But he is also seeing new faces on the streets.

“It used to be that when an elderly person came to us, we would prioritize helping him or her because the situation was so unique. But now, it is common for us to see seniors, because of their particular vulnerable situation,” said Holland.

The Gateway of Hope homeless shelter has also seen an increase in the number of seniors looking for a bed and a warm meal.

Community meals offered by several churches in Langley are seeing more and more seniors at risk.

“As we age, our support network of friends and family shrinks as people pass on and the friends who are around are unable to help anymore because they are getting older, too,” Holland said.

For those on provincial disability funding, it changes over to federal payments once a person turns 65, he said.

But if people don’t know to apply for the federal funds — the cheques don’t arrive.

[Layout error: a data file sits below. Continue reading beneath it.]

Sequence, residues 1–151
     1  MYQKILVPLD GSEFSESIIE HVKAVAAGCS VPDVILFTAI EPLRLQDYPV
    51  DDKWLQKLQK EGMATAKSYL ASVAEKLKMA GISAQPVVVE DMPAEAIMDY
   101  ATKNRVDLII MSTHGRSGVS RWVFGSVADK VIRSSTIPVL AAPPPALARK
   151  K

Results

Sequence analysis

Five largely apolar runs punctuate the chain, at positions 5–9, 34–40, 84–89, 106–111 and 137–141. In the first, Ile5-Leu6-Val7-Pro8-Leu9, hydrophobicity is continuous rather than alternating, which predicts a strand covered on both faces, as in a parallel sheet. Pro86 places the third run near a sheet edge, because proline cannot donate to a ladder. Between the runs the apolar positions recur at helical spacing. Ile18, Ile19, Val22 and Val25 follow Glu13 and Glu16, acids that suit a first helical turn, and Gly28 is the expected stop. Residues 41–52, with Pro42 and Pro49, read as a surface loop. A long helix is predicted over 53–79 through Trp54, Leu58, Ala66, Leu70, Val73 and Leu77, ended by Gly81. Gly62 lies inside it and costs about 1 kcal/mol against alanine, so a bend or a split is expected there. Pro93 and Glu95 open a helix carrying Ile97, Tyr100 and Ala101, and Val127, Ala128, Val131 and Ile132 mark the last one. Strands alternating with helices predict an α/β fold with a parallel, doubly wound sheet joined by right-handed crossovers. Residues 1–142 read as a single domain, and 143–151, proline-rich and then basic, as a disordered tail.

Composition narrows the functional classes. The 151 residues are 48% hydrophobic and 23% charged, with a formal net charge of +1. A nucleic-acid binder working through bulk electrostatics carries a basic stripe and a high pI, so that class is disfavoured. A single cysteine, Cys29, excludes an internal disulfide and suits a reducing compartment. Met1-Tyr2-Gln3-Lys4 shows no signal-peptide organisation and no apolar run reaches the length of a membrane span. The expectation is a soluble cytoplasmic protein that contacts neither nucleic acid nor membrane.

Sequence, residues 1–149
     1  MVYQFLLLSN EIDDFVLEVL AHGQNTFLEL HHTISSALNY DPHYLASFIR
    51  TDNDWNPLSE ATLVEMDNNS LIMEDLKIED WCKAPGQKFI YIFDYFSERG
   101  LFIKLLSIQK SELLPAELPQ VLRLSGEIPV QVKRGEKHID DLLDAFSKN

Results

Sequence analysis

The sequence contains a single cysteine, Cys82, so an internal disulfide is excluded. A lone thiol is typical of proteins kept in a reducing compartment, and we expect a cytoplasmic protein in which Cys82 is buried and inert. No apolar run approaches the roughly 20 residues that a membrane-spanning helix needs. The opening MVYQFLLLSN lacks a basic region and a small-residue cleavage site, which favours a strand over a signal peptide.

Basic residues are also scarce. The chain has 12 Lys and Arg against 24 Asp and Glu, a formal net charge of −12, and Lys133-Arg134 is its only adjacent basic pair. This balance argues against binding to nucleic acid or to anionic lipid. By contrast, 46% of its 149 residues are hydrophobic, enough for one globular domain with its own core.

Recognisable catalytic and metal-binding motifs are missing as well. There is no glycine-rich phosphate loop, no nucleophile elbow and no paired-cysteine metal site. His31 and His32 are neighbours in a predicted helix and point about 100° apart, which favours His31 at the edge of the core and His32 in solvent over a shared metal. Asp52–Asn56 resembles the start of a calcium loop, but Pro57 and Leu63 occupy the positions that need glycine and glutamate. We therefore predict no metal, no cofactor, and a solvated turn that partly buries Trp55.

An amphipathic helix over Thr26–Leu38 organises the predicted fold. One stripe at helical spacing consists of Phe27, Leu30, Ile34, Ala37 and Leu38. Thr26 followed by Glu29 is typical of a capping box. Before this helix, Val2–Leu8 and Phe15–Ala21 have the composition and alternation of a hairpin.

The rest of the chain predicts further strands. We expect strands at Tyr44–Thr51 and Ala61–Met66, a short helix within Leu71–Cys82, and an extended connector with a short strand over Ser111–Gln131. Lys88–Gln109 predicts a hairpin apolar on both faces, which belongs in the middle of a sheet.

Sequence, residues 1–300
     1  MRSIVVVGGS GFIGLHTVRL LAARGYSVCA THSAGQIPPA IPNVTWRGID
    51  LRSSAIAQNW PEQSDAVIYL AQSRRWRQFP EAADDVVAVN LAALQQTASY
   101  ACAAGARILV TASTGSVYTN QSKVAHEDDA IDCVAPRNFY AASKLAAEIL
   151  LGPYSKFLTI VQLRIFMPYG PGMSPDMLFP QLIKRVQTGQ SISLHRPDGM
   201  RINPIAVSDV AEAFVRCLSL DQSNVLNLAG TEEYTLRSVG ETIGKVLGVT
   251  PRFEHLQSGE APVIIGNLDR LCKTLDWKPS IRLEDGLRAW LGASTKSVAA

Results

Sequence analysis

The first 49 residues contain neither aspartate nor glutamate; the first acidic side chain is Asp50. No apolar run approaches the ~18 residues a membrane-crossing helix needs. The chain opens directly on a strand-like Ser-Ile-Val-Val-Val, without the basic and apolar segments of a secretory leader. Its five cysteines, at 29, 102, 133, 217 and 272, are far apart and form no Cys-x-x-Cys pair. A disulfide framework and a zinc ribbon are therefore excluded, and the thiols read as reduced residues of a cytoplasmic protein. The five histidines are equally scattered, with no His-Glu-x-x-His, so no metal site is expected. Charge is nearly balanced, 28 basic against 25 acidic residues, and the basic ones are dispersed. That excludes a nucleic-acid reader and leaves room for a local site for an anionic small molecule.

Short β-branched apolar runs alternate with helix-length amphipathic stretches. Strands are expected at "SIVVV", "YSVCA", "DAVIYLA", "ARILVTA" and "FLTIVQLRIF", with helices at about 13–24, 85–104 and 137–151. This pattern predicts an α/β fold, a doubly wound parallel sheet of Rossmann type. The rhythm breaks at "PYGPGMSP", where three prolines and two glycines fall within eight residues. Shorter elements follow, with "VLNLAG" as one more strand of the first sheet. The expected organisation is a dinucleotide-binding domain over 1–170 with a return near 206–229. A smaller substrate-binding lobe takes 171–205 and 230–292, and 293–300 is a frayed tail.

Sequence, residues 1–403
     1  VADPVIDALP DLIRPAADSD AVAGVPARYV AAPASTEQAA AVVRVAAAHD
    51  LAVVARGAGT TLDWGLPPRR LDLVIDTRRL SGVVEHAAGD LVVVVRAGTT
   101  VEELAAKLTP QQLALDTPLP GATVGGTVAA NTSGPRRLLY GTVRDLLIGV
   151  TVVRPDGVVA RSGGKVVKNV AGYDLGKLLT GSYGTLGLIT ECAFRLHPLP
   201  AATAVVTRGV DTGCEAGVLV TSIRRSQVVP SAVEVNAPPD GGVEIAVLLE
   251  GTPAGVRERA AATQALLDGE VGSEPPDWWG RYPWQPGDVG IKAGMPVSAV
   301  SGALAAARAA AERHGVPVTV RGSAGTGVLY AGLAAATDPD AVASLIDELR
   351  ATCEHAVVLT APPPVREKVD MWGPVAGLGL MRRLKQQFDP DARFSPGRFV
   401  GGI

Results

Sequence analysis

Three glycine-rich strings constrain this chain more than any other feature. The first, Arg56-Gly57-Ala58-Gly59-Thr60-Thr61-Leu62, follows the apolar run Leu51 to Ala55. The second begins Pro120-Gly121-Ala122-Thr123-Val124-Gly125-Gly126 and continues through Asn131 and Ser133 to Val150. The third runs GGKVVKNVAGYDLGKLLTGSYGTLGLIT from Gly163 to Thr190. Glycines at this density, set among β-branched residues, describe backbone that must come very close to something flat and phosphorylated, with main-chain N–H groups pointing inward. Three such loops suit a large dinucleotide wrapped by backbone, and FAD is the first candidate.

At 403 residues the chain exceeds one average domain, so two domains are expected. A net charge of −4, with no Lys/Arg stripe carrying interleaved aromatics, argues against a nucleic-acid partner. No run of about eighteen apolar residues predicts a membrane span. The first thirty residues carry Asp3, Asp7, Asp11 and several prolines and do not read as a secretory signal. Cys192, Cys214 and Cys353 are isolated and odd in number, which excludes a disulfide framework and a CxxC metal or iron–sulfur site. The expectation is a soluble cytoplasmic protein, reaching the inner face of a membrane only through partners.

Finding housing for older people who have both physical and mental health issues is a real challenge.

“With age, we are opening up the onion to find the layers and it becomes more complicated,” said Holland.

“I often get people telling me, “I don’t want to live around people.”

But shared accommodations is all they can afford.”

He is dealing with elderly hoarders who need to move from their homes into care facilities but are resistant to going anywhere without all their stuff.

Mobility issues also become part of the equation.

Some can’t take the stairs where there isn’t an elevator. But a lot of older people don’t like to live on the first floor for safety reasons.

The provincial government is going to have to address specialized housing for seniors in these situations, he said.

Pride also keeps many from asking for help.

“Those people we aren’t reaching,” worries Holland. “Asking for help is embarrassing for some.”

People on the edge of poverty may choose not to eat that week in order to pay for their medications, Holland points out.

Seniors Services Society, based in New Westminster, has outreach workers who respond to more than 200 urgent requests for information relating to a senior at risk of becoming homeless. Of those 200, 20 are living on the streets, said SSS.

They have 20 rental units to help emergency cases.  If you are in need or know someone who is in need contact 604-520-6621 for outreach services.